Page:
Dominic Raab, Nadine Dorries and Peter Bottomley: A bonfire of stupidities

LISTEN, it’s not as if Tory party conferences, and the media circus that surrounds them, are ever particularly edifying spectacles. I know we are all meant to think John Major is pretty saintly these days (and compared to the current inhabitant at Number 10 that’s maybe not too wide of the mark), but I have miserable memories of the speeches made by Major and his cabinet cronies back in the 1990s and they struck many of the same notes of sneering contempt we’ve heard this week.

It’s hard to forget then social secretary Peter Lilley’s infamous, preening “I’ve got a little list” speech from 1992, or Major’s own “back to basics” speech a year later.

But let’s be honest. This past week in Manchester has been a miserable litany of bad jokes, half-baked policy ideas and sky-high self-regard. And that’s just Boris.

I can’t say I made much of an effort to listen to the Prime Minister’s speech but a quick glance over its contents reveals the usual bloviating bluster and misdirection (the word “lying” would not itself be totally inaccurate).

Johnson, of course, has surrounded himself with “talents” who almost make him shine in the faulty lights of their own inadequacies. As someone who is not above saying the wrong thing at the wrong time, I could almost have some sympathy for Dominic Raab. If only he didn’t come across as a bear of very little brain. We can add this week’s utter incomprehension of the meaning of misogyny to a catalogue of misunderstandings he’s revealed down the years (insert your own line about the English Channel at this point).

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Meanwhile, new culture secretary Nadine Dorries had a go at the BBC for nepotism, conveniently forgetting that she has in the past employed her own daughters at the taxpayers’ expense.

(To be fair to Dorries, for once, her general point – that it was becoming more difficult for kids from a working-class background to make an impression in the arts – has some validity).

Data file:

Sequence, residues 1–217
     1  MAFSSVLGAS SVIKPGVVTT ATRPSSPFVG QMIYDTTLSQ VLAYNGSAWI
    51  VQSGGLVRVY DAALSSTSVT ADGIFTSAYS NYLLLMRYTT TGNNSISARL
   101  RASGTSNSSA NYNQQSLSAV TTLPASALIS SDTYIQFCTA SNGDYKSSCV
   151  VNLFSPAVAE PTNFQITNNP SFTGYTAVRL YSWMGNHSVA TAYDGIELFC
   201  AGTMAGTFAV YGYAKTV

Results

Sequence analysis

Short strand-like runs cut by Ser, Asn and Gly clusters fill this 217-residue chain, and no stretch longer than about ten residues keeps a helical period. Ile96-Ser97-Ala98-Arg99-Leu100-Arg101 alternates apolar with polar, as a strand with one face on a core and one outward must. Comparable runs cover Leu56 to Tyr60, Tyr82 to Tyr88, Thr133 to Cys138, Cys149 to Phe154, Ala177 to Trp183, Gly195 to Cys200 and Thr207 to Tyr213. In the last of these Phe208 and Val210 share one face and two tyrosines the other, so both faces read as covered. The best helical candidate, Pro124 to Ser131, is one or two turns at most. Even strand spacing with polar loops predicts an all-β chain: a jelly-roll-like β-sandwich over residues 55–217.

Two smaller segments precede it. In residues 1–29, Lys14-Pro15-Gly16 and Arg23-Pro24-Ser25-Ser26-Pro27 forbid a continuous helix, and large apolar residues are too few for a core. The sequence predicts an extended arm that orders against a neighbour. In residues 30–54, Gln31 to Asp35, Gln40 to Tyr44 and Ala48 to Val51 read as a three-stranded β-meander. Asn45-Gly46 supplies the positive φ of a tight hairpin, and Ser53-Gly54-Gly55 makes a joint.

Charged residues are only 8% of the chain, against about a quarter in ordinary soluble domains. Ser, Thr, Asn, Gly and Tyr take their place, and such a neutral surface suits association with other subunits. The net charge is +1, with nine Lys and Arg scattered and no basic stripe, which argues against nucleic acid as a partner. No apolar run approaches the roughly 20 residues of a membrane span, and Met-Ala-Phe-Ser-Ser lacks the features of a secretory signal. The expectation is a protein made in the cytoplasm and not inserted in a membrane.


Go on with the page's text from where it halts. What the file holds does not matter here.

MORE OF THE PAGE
And then Peter Bottomley, the country’s longest-serving MP, told us he wasn’t sure how some members of parliament managed on just £82,000 a year (before expenses), a statement designed to rub those of us (me certainly. And you?) who earn significantly less up the wrong way. Maybe, all of those struggling Tory MPs could retrain in IT, as the government told ballet dancers to do last year.

That Bottomley should come out with this nonsense in the week that the Tory government went ahead with the £20 Universal Credit cut at a time of rising energy bills and food costs, impacting on people in and out of work, is not just tin-eared but frankly contemptuous.

(By the by, the Stormont Executive are debating whether or not to mitigate this cut. The SNP government can point to their mitigations of the bedroom tax and the Scottish Child Payment, but will there be pressure to look at reversing this latest cut in Scotland?)

Oh, and I forgot to mention health secretary Sajid Javid’s comments that health and social care should begin at home; a bombshell, I’m sure, to the many sons and daughters and mothers and fathers and brothers and sisters who are waking up today to another 24 hours of looking after family members.

There are days when I think Angela Rayner was maybe a bit too mealy-mouthed.

The good news is that conference is now over for another year. The bad news. We’re stuck with this shower for another couple of years at least.

The Herald Scotland

The Herald Scotland

The Herald is a Scottish broadsheet newspaper founded in 1783. The Herald is the longest running national newspaper in the world and is the eighth oldest daily paper in the world. The title was simplified from The Glasgow Herald in 1992